Thursday, July 8, 2010

Herbs: F is for Feverfew

Used by the ancient Greeks and Romans, the name Feverfew comes from the Latin word febrifugia which means "driver out of fevers".  A very aptly named plant!

Latin Name: Tanacetum partenium of the sunflower family

Alternate Name(s):  Featherfoil

Description:  This fast-growing plant is native to Europe, but now grows wild in North America.  The bright green leaves are about 1" wide with small white flowers sporting yellow centers.  The entire plant is quite aromatic.   Feverfew can become bushy and will reach up to 3 feet tall. 

Habitat: Feverfew likes well drained soil in a sunny location.  It is a member of the mum or sunflower family and will grow just about anywhere.  It will reseed itself readily.

Growing: Can be grown as a hardy perennial or as a biannual with blooms occurring from June to August in most areas.  Will grow very easily from seed and may also be propagated via division or cuttings.  If growing from seed, you may sow indoors about 2 weeks before your last frost.  In mild climates, the seed may be sown directly in early spring or in the fall.  It is a very hardy plant that requires minimal fuss.

Harvesting:  Feverfew is best picked early in the morning after the dew has dried from the plant.  Drying in hanging bunches works very well, suspended over a tray to catch falling petals is helpful.  I've also hung them in brown paper lunch sacks while drying in order to keep the petals contained and dust from the plants.  Either hanging method will suffice.   All aerial parts of the plants are used.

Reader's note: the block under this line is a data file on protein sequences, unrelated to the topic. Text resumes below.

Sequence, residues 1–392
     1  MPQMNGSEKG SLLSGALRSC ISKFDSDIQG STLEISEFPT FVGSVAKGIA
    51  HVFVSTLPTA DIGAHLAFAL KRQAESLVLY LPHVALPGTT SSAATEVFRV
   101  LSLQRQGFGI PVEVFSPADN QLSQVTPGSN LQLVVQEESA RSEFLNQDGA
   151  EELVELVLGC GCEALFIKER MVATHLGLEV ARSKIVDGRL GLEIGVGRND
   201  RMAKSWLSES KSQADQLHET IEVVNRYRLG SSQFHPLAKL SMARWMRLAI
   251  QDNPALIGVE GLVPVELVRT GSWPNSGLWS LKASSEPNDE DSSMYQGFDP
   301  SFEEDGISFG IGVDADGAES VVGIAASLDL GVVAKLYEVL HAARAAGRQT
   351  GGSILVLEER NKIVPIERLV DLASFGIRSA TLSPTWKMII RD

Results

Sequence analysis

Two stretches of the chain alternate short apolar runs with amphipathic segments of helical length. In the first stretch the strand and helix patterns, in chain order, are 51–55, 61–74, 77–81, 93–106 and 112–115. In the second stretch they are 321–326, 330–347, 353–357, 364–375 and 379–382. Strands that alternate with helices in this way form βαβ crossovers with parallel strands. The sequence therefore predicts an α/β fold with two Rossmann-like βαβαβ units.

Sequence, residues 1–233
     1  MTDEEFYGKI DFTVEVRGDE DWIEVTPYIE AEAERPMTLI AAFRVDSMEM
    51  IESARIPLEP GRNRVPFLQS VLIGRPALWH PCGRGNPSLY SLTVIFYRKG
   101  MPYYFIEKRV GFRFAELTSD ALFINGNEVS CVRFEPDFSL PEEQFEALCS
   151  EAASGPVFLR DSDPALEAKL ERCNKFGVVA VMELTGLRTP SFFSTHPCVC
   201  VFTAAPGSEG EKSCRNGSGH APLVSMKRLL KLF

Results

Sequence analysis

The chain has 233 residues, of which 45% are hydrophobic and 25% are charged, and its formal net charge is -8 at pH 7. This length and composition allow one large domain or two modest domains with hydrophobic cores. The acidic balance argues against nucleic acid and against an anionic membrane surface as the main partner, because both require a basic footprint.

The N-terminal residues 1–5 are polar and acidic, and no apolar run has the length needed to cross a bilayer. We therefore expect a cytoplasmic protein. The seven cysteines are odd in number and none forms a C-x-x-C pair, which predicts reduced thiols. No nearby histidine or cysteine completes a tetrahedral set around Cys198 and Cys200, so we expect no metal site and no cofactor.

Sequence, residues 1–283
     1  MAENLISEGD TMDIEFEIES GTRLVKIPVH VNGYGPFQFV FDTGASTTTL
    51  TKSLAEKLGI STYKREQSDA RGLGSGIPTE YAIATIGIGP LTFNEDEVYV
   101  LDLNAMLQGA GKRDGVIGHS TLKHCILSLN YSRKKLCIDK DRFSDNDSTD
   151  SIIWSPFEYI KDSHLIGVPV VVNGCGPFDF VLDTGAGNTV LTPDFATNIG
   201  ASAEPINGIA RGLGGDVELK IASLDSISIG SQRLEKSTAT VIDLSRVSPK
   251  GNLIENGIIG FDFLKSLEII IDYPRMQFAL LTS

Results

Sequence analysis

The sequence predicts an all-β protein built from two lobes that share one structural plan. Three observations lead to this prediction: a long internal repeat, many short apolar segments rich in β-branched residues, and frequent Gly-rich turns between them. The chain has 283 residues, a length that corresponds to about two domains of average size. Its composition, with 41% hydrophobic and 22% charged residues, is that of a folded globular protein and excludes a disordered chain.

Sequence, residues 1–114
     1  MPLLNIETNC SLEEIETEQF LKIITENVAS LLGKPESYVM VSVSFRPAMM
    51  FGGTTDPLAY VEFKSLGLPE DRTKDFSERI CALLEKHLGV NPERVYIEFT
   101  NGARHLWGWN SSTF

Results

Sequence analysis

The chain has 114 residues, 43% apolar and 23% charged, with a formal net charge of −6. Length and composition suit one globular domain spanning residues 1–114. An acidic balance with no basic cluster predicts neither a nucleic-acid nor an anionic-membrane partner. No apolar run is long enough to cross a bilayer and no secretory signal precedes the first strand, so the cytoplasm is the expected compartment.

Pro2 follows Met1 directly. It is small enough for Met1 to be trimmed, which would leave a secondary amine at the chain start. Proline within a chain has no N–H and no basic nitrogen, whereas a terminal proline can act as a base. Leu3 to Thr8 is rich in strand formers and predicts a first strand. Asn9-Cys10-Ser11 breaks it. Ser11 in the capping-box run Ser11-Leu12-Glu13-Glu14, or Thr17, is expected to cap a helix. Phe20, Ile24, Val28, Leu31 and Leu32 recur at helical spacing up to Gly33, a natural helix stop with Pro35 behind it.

Uses: The old herbals have many suggestions and uses listed for feverfew.  It can be used fresh, dried, as a tea, or a tincture.    Some of the suggested properties of feverfew are that it dilates blood vessels, helps reduce pain from arthritis, it can help promote menstruation, and has insecticidal benefits.  It has been touted for "women's troubles" and as an antidote for the over-indulgence of opiates.  The bitter taste can be hidden if mixed in with other salad greens.

I began growing it for both the purported migraine relief and for use as a dye plant: the leaves & stems make a greenish-yellow dye. In my research, I was also pleased to find that it has been used as an aspirin alternative.  Aspirin is toxic to cats while they can metabolize feverfew and gain the same relief.

The flowers also contain  pyrethrins (similar to marigolds).  This has been found to be effective against fleas and other insects.  A tincture of feverfew can be used as an insect repellent for humans as well as relief from insect bites.

Pet Flea Rinse

Gather some FRESH Feverfew and place in a bowl.  Pour enough boiling water over it to cover.  Cover the bowl and let cool.  Strain out the herbs and then pour the COOLED liquid over the pet's coat.  Let it soak to the skin and then dry by itself.  *Note that this is not a mixture that will keep, throw away any leftover liquid.

Disclaimer: The information presented herein is intended for educational, informational, and recreational purposes only. These statements have not been evaluated by the FDA and are not intended to diagnose, cure, treat, or prevent disease. It is always advisable to consult with your own health care provider or your vetrinarian before taking any supplements, herbs, or other substances or supplying them to your pets.


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